I’ve been keeping an eye on my blood pressure these days. With a family history of hypertension, it just makes sense. And so far, my results are good. A while ago, I stopped at a local pharmacy and used their automated machine and saw a couple of readings heading into the high range. But more accurate readings have put it further down in the normal range, so that’s good.
But when I looked at my profile for hypertension risk factors, I was struck that there wasn’t a great deal I could do. The major risk factors for hypertension, according to the Mayo Clinic, are:
- Age. (Hypertension is more common in men around 45 or so, and becomes more common in women around 65)
- Race. (High blood pressure is particularly common among blacks)
- Family history.
- Being overweight or obese.
- Not being physically active.
- Using tobacco.
- Too much salt (sodium) in your diet.
- Too little potassium in your diet.
- Too little vitamin D in your diet.
- Drinking too much alcohol.
I do pretty well on most of these. But of the ones I can control, the one about sodium sticks out. As a man and a lover of food that I KNOW is bad for me, I know that I can be the author of my own hypertensive misfortune. Burgers, fries, onion rings, chicken wings — it would be foolish to pretend they don’t have a lot of sodium in there. But there are a ton of foods out there that you wouldn’t expect to have high sodium levels.
We often have pizzas on naan bread for a quick and easy weekday meal. On top, prosciutto, pears, brie, and basil. I knew the prosciutto would be high in sodium — after all, it’s a cured meat. But the naan bread itself has a surprising amount of sodium. Between those two ingredients, one naan pizza is likely delivering more than half my daily allowance of sodium.
Chicken breasts can be injected with brine during processing, increasing their sodium content drastically. A slice of process cheese might have 20% of your daily allowance of sodium!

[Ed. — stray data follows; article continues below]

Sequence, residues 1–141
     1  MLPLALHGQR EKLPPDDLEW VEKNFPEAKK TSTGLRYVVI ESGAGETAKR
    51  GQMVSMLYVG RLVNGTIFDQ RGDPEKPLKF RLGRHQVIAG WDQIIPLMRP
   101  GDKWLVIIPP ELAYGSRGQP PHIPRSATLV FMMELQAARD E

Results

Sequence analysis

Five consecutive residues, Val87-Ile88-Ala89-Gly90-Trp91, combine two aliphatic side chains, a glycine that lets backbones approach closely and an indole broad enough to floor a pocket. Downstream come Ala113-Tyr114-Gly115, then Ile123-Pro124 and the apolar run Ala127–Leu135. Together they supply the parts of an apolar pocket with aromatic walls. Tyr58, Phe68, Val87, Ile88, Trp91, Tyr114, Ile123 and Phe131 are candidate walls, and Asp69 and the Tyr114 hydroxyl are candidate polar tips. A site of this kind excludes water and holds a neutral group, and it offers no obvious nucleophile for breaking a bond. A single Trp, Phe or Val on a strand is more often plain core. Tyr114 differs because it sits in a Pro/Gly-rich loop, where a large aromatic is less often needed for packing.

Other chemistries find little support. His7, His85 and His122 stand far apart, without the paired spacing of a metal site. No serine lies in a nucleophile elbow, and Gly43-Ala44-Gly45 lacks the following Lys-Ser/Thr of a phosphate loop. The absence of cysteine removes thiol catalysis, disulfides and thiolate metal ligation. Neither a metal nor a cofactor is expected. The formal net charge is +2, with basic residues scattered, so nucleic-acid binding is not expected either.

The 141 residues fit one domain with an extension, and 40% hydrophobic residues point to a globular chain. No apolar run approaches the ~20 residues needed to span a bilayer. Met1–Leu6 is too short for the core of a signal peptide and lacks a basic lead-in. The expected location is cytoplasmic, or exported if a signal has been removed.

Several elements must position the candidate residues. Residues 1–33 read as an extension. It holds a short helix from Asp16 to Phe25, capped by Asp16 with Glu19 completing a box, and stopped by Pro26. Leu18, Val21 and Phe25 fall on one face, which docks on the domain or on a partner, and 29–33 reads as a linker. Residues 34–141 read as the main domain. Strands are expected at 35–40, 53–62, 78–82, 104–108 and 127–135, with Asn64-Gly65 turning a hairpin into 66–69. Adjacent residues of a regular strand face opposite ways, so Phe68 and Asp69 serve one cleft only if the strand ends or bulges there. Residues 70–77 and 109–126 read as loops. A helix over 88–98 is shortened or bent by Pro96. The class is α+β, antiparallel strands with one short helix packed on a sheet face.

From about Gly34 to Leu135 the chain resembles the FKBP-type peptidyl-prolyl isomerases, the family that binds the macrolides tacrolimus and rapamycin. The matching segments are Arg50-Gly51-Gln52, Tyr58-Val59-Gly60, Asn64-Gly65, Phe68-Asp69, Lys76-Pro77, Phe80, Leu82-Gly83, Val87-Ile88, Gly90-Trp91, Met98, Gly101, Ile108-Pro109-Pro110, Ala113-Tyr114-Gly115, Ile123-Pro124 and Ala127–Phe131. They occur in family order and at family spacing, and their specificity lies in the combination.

If you have french fries, you expect them to be salty. But if you add a tablespoon or two of ketchup, you’re looking at 400 mg of sodium just in that!
And none of this counts restaurant or takeout food, which can be extremely high in sodium. You can see just how easy it would be to end up with more than your roughly 2,500 mg of sodium per day:
- 350 mg: a bowl of Raisin Bran.
- 870 mg: a bagel and cream cheese
- 1220 mg breakfast
- 1600 mg: 100 grams of deli ham on white bread with mustard.
- 1600 mg lunch
- 393 mg: baked chicken breast
- 418 mg: baked potato
- 460 mg: cup of canned peas
- 1271 mg supper
- 744 mg: 1/2 cup of salsa
- 420 mg: 24 tortilla chips
- 1164 mg snack
That’s a whopping 5255 mg of sodium, more than twice the recommended amount in a day, without a single shake of your salt shaker, without eating out, and with lots of things that seem healthy at first glance. (Sodium figures from the Fat Secret website)
You can’t change your age, your race, or your family history of hypertension. But if you start to track things like sodium, you do see where you can help prevent hypertension, or if you have it, improve it without resorting to drugs. And that’s a good thing.
(Pretzel photo is a CC-licenced image from Flickr user Jenn Durfey)Read More
Do you want to live well past menopause? One way to do it is to cut out the trans fats (or partially hydrogenated oils) now!
Trans fats are found mostly in fried (e.g. french fries, donuts) and processed foods (e.g. pastries, pizza dough, cookies, crackers). In the body, trans fats significantly raise LDL cholesterol levels and lower HDL cholesterol levels (read: raise bad fats, lower good fats). And since we already know that elevated cholesterol right around menopause is a major factor in heart disease in women, it makes sense that the stroke risk might also come into play.
In a study presented last week at the American Stroke Association International Stroke Conference 2010, researchers analyzed data culled from 87,230 women who had participated in the Women’s Health Initiative and followed for about 8 years. After adjusting for possible factors that might influence results (e.g.s age, race, smoking, physical activity, alcohol, body mass index, hormone therapy, diabetes, aspirin use, fruits, vegetables and dietary fiber intake) they found that women who ate the most total fat had a 40% increased risk for ischemic stroke. Women who ate trans fat in particular, had a 30% increased risk for ischemic stroke. (Ischemic stroke is caused by blocked blood vessels in or leading to the brain.) So, how much fat were these women eating? Women who reported eating the most fat averaged about 86 grams of total fat and 7 grams of trans fat daily (compared to 26 grams and 1 gram, respectively, in women who ate the least).
It seems pretty simple, doesn’t it? Cut down on the fats and processed food and increase the healthy stuff. In the supermarket, stick to the store periphery where fruits, vegetables and all the good stuff can be found. Read the label…often.
Truly, trans fat is not your friend.Read More